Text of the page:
No case of henna poisoning in Bahrain

June 27, 2012

Women should be highly discerning in choosing products when they go to beauty saloons in order to avoid health risks, an expert has said.

“Some of the products used by saloons are not genuine,” Naima Al Beloushi, a beauty specialist, said.

“They are cheap and can cause serious harm through poison and burns, to women. They must be banned and beauticians must be directed to use only safe products,” she said as Bahrainis debated the status of beauty salons following the tragedy that struck an Arab woman in the UAE and the Qatari ban on importing black henna.

Khairya Mousa, the head of public health, said that no single case of henna poisoning has been registered in Bahrain.

“We are aware of the developments in both Qatar and the UAE and we are applying a strict policy here,” she said. “We have a dedicated team of inspectors who check all beauty salons and make sure that everything is in compliance with the rules and regulations,” she said.

Majed Sharaf, the head of the Bahrain consumers’ society, said that customers have to be careful when they use the products.

“They have to be aware of the product’s country of origin and to know the components so that they do not put their health at risk,” he said. “They should avoid the excessive use of artificial beauty products.”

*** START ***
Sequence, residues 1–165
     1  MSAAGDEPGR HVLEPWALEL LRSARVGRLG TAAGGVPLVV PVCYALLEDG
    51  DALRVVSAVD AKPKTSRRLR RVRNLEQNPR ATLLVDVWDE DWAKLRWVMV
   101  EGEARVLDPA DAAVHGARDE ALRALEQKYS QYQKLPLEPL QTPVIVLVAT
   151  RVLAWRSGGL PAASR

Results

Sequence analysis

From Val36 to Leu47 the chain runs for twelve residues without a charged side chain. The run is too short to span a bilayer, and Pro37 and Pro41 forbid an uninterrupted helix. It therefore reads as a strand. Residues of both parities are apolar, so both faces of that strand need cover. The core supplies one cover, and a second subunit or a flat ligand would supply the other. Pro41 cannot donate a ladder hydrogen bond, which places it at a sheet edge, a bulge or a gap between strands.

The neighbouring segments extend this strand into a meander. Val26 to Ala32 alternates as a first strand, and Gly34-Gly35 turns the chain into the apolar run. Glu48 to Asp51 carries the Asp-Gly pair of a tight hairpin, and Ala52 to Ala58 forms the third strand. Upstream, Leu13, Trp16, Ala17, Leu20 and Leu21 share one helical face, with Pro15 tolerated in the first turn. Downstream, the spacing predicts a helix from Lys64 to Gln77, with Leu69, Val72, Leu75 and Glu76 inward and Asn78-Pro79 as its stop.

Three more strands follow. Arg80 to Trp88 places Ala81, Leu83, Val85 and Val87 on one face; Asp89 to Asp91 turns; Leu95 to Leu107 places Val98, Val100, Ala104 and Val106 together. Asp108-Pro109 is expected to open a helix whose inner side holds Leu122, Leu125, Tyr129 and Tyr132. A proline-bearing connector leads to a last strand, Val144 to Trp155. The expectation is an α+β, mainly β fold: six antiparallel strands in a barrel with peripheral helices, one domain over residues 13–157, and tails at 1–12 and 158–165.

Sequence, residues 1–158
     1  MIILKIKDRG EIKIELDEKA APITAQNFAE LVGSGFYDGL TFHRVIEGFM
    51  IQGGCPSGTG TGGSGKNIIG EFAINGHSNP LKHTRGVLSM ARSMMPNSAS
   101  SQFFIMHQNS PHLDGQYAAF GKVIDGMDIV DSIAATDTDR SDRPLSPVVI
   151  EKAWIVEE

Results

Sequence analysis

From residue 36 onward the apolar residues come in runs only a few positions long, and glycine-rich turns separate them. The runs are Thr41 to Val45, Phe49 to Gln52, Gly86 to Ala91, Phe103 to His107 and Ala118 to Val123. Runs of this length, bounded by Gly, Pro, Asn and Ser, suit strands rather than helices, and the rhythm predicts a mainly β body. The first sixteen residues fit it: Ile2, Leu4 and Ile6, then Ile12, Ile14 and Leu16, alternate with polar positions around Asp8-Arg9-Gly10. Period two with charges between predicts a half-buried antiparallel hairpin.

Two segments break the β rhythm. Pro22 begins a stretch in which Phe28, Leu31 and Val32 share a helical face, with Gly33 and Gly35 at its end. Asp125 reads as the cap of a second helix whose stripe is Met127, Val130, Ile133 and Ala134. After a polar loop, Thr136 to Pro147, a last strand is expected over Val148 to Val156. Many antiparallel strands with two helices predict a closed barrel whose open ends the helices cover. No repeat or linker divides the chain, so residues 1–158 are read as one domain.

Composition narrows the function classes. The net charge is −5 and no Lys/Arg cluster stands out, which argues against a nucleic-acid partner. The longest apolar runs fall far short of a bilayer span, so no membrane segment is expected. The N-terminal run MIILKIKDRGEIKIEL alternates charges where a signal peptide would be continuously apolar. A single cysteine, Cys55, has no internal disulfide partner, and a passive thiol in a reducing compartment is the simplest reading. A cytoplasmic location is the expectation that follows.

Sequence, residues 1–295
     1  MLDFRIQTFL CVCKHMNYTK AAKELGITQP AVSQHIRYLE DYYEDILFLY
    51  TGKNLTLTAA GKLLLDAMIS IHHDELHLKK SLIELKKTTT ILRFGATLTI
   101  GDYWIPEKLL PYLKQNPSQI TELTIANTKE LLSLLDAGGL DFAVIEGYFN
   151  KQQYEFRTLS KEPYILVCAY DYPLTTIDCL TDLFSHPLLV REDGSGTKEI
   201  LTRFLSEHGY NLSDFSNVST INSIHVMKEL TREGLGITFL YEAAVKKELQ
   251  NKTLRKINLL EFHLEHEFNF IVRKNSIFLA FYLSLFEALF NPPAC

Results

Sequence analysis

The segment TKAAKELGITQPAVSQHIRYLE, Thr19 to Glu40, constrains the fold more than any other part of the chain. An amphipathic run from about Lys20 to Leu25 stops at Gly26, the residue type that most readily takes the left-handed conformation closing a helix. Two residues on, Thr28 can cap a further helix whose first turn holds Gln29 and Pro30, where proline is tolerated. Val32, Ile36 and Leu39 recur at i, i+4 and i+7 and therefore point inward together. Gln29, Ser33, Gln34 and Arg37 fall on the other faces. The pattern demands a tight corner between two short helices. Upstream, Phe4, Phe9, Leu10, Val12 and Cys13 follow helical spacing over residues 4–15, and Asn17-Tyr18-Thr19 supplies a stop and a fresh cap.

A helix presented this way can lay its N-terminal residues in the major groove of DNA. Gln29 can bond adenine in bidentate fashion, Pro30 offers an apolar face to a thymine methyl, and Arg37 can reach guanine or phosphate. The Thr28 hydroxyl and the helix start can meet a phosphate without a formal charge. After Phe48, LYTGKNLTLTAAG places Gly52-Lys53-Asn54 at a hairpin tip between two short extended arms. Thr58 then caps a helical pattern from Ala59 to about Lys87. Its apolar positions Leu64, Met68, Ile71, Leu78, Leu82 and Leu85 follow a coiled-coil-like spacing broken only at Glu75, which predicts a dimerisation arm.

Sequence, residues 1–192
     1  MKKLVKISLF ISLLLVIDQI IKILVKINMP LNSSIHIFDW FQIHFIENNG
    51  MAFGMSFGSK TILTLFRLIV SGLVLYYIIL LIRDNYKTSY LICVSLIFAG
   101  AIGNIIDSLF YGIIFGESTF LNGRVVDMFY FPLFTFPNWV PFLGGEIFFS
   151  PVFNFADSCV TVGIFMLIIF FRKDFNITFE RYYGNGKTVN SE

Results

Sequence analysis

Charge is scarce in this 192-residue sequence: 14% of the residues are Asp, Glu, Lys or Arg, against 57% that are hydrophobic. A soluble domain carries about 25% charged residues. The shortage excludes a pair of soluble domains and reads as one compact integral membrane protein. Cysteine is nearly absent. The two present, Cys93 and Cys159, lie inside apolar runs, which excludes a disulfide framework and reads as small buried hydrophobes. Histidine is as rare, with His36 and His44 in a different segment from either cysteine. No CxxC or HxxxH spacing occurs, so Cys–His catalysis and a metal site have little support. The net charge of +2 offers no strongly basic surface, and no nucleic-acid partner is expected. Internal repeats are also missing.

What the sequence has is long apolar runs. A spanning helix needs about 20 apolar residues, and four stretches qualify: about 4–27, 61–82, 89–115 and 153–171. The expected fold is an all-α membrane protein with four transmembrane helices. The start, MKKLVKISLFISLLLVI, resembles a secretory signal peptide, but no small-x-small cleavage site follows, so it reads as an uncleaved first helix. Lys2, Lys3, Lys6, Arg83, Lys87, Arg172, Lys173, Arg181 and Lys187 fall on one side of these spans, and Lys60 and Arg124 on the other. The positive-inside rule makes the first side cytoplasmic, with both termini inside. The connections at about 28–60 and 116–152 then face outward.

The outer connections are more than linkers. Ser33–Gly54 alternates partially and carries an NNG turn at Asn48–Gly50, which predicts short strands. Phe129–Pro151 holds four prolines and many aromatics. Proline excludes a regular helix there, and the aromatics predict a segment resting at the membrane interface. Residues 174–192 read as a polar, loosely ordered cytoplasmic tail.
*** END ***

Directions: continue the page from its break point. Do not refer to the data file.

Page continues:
Competent authorities should at the same time intensify inspection checks to ensure there are no abuses and that the rules governing the sector are upheld, he said.

Qatar has imposed a ban on the use of black henna containing more than six per cent of Para-Phenylendiamine (PPD), a toxic substance.

However, the product, marketed under different brands and mostly imported from Asian countries, are freely available for sale, at QR7.50 (Dh7.56) or QR8 for a jar, in popular supermarkets and few corner stores, local daily Gulf Times reported this month.

Hairdressers confirmed that they still used the product for their customers, the newspaper said.

In the UAE, a 21-year-old Arab woman was admitted in an intensive care unit at a local hospital one week after she applied black henna on her hands and arms in an Ajman beauty saloon.

Her doctor said that the patient suffered from severe allergic reactions from the black henna application.

“It caused a negative reaction,” Dr Shubhada Mandar Bichi told Gulf News. “Once the body’s immune system triggers an allergic reaction to PPD further exposure can be fatal.”

PPD is often added to henna to speed up the dying process and produce a deeper mark on the skin.

Experts say that PPD is clear until it is infused with oxygen and partial oxidisation causes severe allergic reactions in some people. In the hair dye, it can be dangerous to people with an allergy to PPD.




About the author

Born August 3, 1960 in Monastir, Tunisia
Media career:
  • ABC News (Tunisia)
  • Bahrain Tribune
  • Gulf News
  • Bahrain Television News
Teaching career:
  • Monastir (Tunisia)
  • University of Bahrain
  • MA  Mass Communications, University of Leicester
  • BA  in English & US literature and studies, University of Tunis

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